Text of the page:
16. Green AR, Edwards RE, Greaves P, White IN: Comparison of the effect of oestradiol, tamoxifen and raloxifene on nerve growth factor-alpha expression in specific neonatal mouse uterine cell types using laser capture microdissection. J Mol Endocrinol. 2003, 30: 1-11. 10.1677/jme.0.0300001.View ArticlePubMedGoogle Scholar
  17. Greaves P: Experimental adenomyosis. Best Pract Res Cl Ob. 2006, 20: 503-510. 10.1016/j.bpobgyn.2006.01.003.View ArticleGoogle Scholar
  18. Crowley C, Spencer SD, Nishimura MC, Chen KS, Pitts-Meek S, Armanini MP, Ling LH, McMahon SB, Shelton DL, Levinson AD: Mice lacking nerve growth factor display perinatal loss of sensory and sympathetic neurons yet develop basal forebrain cholinergic neurons. Cell. 1994, 76: 1001-1011. 10.1016/0092-8674(94)90378-6.View ArticlePubMedGoogle Scholar
  19. McMahon SB: NGF as a mediator of inflammatory pain. Philos Trans R Soc Lond B Biol Sci. 1996, 351: 431-440. 10.1098/rstb.1996.0039.View ArticlePubMedGoogle Scholar
  20. Davis BM, Lewin GR, Mendell LM, Jones ME, Albers KM: Altered expression of nerve growth factor in the skin of transgenic mice leads to changes in response to mechanical stimuli. Neuroscience. 1993, 56: 789-792. 10.1016/0306-4522(93)90127-2.View ArticlePubMedGoogle Scholar
  21. Petty BG, Cornblath DR, Adornato BT, Chaudhry v, Flexner C, Wachsman M, Sinicropi D, Burton LE, Peroutka SJ: The effect of systemically administered recombinant human nerve growth factor in healthy human subjects. Ann Neurol. 1994, 36: 244-246. 10.1002/ana.410360221.View ArticlePubMedGoogle Scholar
  22. Schaible HG, Del Rosso A, Matucci-Cerinic M: Neurogenic aspects of inflammation. Rheum Dis Clin North Am. 2005, 31: 77-101. 10.1016/j.rdc.2004.09.004.View ArticlePubMedGoogle Scholar
  23. Freund-Michel V, Frossard N: The nerve growth factor and its receptors in airway inflammatory diseases. Pharmacol Ther. 2008, 117: 52-76. 10.1016/j.pharmthera.2007.07.003.View ArticlePubMedGoogle Scholar
  24. Dines KC, Powell HC: Mast cell interactions with the nervous systerm: Relationship to mechanisms of disease. J Neuropathol Exp Neurol. 1997, 56: 627-640.View ArticlePubMedGoogle Scholar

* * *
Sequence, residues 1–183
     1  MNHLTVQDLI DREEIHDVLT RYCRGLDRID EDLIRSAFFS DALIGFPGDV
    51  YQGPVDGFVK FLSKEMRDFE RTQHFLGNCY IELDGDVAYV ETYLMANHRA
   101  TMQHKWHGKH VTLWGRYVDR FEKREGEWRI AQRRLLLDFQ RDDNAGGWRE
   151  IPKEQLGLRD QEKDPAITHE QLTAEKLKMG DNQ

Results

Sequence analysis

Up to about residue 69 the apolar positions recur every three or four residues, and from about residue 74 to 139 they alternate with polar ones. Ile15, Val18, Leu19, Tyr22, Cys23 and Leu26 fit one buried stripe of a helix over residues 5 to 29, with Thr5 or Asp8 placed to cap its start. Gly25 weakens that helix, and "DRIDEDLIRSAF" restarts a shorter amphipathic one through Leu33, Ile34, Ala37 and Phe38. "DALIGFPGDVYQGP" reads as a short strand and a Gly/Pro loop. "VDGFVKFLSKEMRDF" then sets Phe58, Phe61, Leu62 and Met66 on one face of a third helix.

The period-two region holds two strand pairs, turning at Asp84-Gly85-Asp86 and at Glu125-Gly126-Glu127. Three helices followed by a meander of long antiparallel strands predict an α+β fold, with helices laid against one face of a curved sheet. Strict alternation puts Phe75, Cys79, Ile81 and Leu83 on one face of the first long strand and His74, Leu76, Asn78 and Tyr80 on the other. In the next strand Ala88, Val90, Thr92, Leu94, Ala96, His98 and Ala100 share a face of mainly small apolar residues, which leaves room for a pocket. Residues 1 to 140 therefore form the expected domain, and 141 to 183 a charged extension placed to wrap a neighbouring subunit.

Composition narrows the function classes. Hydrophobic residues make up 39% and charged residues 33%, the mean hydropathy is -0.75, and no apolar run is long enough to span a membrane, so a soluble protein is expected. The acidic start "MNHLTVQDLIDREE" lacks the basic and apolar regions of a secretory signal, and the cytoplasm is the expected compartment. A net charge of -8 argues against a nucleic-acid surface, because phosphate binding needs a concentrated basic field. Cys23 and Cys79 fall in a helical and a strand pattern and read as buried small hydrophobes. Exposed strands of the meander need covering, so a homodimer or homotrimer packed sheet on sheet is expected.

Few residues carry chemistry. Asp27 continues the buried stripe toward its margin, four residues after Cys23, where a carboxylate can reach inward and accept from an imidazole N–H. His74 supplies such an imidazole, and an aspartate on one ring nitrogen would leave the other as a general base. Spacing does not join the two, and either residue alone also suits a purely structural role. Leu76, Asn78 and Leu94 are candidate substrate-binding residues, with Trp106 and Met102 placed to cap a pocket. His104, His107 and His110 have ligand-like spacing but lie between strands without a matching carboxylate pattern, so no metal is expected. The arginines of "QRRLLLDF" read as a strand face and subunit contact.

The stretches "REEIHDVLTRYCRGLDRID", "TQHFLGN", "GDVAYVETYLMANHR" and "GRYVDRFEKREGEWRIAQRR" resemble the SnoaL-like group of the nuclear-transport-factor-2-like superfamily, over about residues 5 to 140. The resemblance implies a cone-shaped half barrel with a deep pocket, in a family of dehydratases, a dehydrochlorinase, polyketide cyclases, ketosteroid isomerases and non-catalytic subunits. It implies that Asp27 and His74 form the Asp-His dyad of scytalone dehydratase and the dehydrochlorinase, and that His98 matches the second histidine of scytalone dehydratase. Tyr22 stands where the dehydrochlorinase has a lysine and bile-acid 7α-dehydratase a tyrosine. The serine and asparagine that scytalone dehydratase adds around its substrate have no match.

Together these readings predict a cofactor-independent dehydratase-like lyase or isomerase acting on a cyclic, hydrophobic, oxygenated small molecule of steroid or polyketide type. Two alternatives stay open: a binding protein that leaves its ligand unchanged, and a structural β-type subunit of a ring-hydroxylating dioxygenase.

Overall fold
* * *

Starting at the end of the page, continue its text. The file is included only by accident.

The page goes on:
25. Rende M, Brizi E, Conner J, Treves S, Censier K, Provenzano C, Taglialatela G, Sanna PP, Donato R: Nerve growth factor (NGF) influences differentiation and proliferation of myogenic cells in vitro via TrKA. Int J Dev Neurosci. 2000, 18: 869-885. 10.1016/S0736-5748(00)00041-1.View ArticlePubMedGoogle Scholar
  26. Schnegelsberg B, Sun TT, Cain G, Bhattacharya A, Nunn PA, Ford AP, Vizzard MA, Cockayne DA: Overexpression of NGF in mouse urothelium leads to neuronal hyperinnervation, pelvic sensitivity, and changes in urinary bladder function. Am J Physiol Regul Integr Comp Physio. 2010, 298: R534-47. 10.1152/ajpregu.00367.2009.View ArticleGoogle Scholar
  27. Qi H, Li DQ, Shine HD, Chen Z, Yoon KC, Jones DB, Pflugfelder SC: Nerve growth factor and its receptor TrkA serve as potential markers for human corneal epithelial progenitor cells. Exp Eye Res. 2008, 86: 34-40. 10.1016/j.exer.2007.09.003.PubMed CentralView ArticlePubMedGoogle Scholar
  28. Tometten M, Klapp BF, Joachim R, Fest S, Zenclussen AC, Peters EM, Hertwlg K, Arck PC: Nerve growth factor and its functional receptor TrkA are up-regulated in murine decidual tissue of stress-triggered and substance P-mediated abortion. Am J Reprod Immunol. 2004, 51: 86-93. 10.1046/j.8755-8920.2003.00123.x.View ArticlePubMedGoogle Scholar
  29. Ota H, Igarashi S, Hatazawa J, Tanaka T: Is adenomyosis an immune disease?. Hum Reprod Update. 1998, 4: 360-367. 10.1093/humupd/4.4.360.View ArticlePubMedGoogle Scholar
  30. Shi Z, Arai K, Jin W, Weng Q, Watanabe G, Suzuki AK, Taya K: Expression of nerve growth factor and its receptors NTRK1 and TNFRSF1B is regulated by estrogen and progesterone in the uteri of Golden Hamsters. Biol Reprod. 2006, 74: 850-856. 10.1095/biolreprod.105.044917.View ArticlePubMedGoogle Scholar
  31. Li Y, Zhang S, Xia X, Zou S: Establishment of an ICR mouse modle of adenomyosis by oral administration of tamoxifen. Acta Lab Or Aatorium Animalis Scientia Sinica. 2009, 17: 346-350.Google Scholar
  32. Bjorling DE, Beckman M, Clayton MK, Wang ZY: Modulation of nerve growth factor in peripheral organs by estrogen and progesterone. Neuroscience. 2002, 110: 155-167. 10.1016/S0306-4522(01)00568-1.View ArticlePubMedGoogle Scholar